Silverstein: Packers lose their grip on offense

Tom Silverstein
Milwaukee Journal Sentinel
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Green Bay Packers tight end Lance Kendricks (84) drops a long pass against Washington Sunday, September 23, 2018 at FedEx Field in Landover, MD.

LANDOVER, Md. - On a wet and soggy day typical of the kind of summer the Washington, D.C., area has experienced this year, the Green Bay Packers acted as though they were from Southern California.

Their offense, in particular, had slippery fingers.

The list of those who dropped the ball Sunday at FedExField included receiver Randall Cobb, tight end Lance Kendricks, tackle Jason Spriggs, quarterback Aaron Rodgers and coach Mike McCarthy.

On the same day the Minnesota Vikings handed the Packers (1-1-1) a great opportunity to take an early lead in the NFC North, they let Washington (2-1) dunk-tank them, 31-17, in front of a half-to-three-quarters-filled stadium, a third of which was filled by Packers fans.

Washington’s homefield advantage is so bad they refused to list how many people were in attendance on the final stats sheet, and yet the Packers were not able to take over the place. They could not handle the weather conditions or the football.

“They have a really good defense, Washington,” Rodgers said. “I missed a couple of throws I usually hit. We dropped a couple ones, chances for big plays. It kind of hurt us. Didn’t get a lot going most of the game.

“Gotta give them credit, but we left a lot of offense out there.”

Most of it right on the stadium’s grass field.

Rodgers, playing with a brace on his sprained left knee again, struggled with accuracy early on, which wasn’t a surprise given his only practice was in a modified workout on Saturday.

But his teammates never picked him up.

Other than receiver Geronimo Allison’s 64-yard touchdown catch that cut Washington’s lead to 21-10 late in the second quarter, Rodgers’ receivers were neither getting open very often nor holding onto the ball consistently.

Cobb led the slippery fingers parade with two of the team’s four drops and a fumble. One of his drops came on third down and one on fourth down; both drives had already been established with an earlier first down and were starting to gain momentum.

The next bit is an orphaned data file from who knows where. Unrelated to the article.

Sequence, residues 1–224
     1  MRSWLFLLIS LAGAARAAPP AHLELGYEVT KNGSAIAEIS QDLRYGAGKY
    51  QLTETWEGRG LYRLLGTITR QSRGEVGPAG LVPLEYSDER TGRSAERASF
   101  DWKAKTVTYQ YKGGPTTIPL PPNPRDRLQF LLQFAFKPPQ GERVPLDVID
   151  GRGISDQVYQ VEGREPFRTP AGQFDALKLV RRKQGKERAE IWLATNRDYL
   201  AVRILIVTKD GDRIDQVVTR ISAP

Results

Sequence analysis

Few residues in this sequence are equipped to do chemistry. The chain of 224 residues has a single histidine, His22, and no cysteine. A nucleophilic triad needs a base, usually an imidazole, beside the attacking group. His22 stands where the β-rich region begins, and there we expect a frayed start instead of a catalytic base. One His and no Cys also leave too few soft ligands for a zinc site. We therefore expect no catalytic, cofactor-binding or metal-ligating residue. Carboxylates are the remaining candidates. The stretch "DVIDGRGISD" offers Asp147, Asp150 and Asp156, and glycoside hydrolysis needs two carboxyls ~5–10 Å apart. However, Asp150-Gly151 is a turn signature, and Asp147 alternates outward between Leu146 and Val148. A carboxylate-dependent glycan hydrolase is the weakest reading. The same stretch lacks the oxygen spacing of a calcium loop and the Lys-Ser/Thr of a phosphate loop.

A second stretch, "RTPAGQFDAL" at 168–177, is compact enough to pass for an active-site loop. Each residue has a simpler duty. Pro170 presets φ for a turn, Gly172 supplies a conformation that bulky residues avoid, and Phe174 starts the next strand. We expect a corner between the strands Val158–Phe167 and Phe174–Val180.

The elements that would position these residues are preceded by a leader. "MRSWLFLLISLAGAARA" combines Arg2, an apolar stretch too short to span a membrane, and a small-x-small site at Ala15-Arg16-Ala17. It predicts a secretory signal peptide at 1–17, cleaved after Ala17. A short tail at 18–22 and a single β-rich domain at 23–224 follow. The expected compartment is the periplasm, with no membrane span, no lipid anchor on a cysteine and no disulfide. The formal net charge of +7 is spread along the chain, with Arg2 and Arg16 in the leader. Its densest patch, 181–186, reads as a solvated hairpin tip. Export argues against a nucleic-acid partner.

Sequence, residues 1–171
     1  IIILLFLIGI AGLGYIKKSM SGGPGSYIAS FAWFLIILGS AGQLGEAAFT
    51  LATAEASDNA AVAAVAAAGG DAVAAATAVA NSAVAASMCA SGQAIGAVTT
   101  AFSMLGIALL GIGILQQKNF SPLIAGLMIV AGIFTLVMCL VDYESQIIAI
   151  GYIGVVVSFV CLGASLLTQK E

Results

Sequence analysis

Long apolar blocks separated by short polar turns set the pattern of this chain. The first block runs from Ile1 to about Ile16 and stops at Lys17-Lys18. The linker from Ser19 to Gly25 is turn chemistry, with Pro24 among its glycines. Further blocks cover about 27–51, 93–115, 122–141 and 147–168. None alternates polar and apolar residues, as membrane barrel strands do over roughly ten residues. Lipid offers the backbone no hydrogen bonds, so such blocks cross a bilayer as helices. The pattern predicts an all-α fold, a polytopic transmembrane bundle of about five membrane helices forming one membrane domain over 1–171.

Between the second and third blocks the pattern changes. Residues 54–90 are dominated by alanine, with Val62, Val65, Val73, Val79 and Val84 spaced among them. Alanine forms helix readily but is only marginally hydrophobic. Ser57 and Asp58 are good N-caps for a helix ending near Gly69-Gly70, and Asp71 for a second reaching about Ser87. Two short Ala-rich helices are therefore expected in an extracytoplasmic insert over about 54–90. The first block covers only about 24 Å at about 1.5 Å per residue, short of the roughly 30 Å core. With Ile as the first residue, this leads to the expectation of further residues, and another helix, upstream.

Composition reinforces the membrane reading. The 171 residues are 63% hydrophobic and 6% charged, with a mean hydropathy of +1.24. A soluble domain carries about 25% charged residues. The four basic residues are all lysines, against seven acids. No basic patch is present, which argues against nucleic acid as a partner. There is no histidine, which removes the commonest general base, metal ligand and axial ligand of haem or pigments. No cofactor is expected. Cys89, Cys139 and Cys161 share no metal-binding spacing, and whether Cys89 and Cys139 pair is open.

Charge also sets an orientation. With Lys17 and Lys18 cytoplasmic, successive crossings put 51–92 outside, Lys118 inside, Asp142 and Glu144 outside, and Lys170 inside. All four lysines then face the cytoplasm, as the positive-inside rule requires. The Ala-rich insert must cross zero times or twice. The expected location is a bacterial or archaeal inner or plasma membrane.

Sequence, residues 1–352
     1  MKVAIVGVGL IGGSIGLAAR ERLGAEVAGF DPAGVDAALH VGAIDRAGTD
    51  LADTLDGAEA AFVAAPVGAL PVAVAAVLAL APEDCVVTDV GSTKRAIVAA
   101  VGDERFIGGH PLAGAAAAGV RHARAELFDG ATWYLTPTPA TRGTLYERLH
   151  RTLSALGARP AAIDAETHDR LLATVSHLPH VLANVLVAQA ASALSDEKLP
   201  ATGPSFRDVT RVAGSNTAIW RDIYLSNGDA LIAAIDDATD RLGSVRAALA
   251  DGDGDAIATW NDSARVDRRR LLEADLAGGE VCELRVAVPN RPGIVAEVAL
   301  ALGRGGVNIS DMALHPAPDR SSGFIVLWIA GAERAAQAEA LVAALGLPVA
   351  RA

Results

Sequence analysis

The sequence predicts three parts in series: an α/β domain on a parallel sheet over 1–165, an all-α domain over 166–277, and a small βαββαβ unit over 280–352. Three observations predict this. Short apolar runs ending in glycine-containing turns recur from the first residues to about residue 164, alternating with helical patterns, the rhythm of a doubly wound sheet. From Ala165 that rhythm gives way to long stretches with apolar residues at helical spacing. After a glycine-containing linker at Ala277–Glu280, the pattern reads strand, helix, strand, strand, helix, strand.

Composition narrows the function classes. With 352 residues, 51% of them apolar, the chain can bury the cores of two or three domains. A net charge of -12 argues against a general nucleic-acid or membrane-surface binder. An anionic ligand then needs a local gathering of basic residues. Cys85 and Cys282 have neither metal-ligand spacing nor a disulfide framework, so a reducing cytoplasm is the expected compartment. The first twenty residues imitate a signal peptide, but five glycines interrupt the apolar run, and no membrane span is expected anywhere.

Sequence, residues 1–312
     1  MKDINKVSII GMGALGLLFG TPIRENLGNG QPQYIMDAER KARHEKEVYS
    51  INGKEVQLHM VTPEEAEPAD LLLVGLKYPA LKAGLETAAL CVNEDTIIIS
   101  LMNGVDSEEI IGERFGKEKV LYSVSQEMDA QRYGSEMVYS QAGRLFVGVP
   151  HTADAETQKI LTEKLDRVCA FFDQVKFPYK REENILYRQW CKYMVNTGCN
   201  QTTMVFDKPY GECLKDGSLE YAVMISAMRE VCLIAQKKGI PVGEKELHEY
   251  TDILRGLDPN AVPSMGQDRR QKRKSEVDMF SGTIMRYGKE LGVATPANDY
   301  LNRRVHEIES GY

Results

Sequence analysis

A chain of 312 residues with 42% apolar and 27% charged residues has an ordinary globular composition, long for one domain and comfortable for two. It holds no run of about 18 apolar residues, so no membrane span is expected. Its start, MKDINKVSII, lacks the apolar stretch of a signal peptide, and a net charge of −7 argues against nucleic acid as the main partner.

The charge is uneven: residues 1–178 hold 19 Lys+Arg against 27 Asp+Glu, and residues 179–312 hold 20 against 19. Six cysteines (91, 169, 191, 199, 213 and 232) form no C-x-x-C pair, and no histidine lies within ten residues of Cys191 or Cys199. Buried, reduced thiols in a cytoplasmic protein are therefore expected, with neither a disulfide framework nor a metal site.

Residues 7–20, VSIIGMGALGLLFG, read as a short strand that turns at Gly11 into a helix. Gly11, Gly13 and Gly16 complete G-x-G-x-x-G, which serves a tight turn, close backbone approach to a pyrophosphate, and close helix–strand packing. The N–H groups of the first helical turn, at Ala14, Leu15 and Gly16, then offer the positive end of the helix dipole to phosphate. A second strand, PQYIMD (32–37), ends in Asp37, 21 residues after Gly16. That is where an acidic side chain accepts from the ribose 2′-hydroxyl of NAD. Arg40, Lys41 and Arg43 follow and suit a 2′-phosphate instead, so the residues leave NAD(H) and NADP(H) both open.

His fumble came with 5 minutes, 32 seconds left in the game and the Packers needing a touchdown to make it a four-point game.

“My performance, I didn’t give us an opportunity to win,” Cobb said. “Third- down drop on the first drive. Fourth-down drop. Fumble. I played terrible, and I didn’t give us the opportunity to win.”

Asked how much the weather played a factor in his performance, Cobb dismissed it entirely.

“That has nothing to do with it,” he said. “We played in these conditions before. It’s on me.”

It really wasn’t entirely on Cobb if you consider how many other things could have gone right if the Packers wouldn’t have let the weather affect them.

Before Cobb’s fumble, tight end Lance Kendricks had a chance to make it a four-point game. On third and 10 at the Packers 16 with 13:27 left in the game, Kendricks took his route up the sideline after Rodgers began to scramble and found himself wide open.

Rodgers threw a perfect pass. Kendricks put up both hands in front of his chest, took the ball in and then dropped it as he fell to the ground. If he had stretched his hands out like most receivers do, he might have had an easier time catching it, but he wasn’t wrong trying to spear it before it got to his body.